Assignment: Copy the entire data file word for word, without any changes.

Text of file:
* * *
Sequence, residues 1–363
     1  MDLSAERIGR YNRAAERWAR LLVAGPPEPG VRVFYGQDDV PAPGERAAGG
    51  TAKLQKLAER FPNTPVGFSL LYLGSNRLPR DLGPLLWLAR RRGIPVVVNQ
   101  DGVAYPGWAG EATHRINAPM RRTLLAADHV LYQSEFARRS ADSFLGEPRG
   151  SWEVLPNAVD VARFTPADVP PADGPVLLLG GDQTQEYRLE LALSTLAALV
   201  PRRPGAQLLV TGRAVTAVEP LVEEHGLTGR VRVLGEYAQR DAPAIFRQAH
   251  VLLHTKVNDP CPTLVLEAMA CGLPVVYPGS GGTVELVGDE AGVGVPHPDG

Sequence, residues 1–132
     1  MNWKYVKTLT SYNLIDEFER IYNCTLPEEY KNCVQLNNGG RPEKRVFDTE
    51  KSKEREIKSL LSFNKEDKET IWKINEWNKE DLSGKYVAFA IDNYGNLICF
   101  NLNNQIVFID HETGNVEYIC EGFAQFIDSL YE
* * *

Sequence, residues 1–363
     1  MDLSAERIGR YNRAAERWAR LLVAGPPEPG VRVFYGQDDV PAPGERAAGG
    51  TAKLQKLAER FPNTPVGFSL LYLGSNRLPR DLGPLLWLAR RRGIPVVVNQ
   101  DGVAYPGWAG EATHRINAPM RRTLLAADHV LYQSEFARRS ADSFLGEPRG
   151  SWEVLPNAVD VARFTPADVP PADGPVLLLG GDQTQEYRLE LALSTLAALV
   201  PRRPGAQLLV TGRAVTAVEP LVEEHGLTGR VRVLGEYAQR DAPAIFRQAH
   251  VLLHTKVNDP CPTLVLEAMA CGLPVVYPGS GGTVELVGDE AGVGVPHPDG

Sequence, residues 1–132
     1  MNWKYVKTLT SYNLIDEFER IYNCTLPEEY KNCVQLNNGG RPEKRVFDTE
    51  KSKEREIKSL LSFNKEDKET IWKINEWNKE DLSGKYVAFA IDNYGNLICF
   101  NLNNQIVFID HETGNVEYIC EGFAQFIDSL YE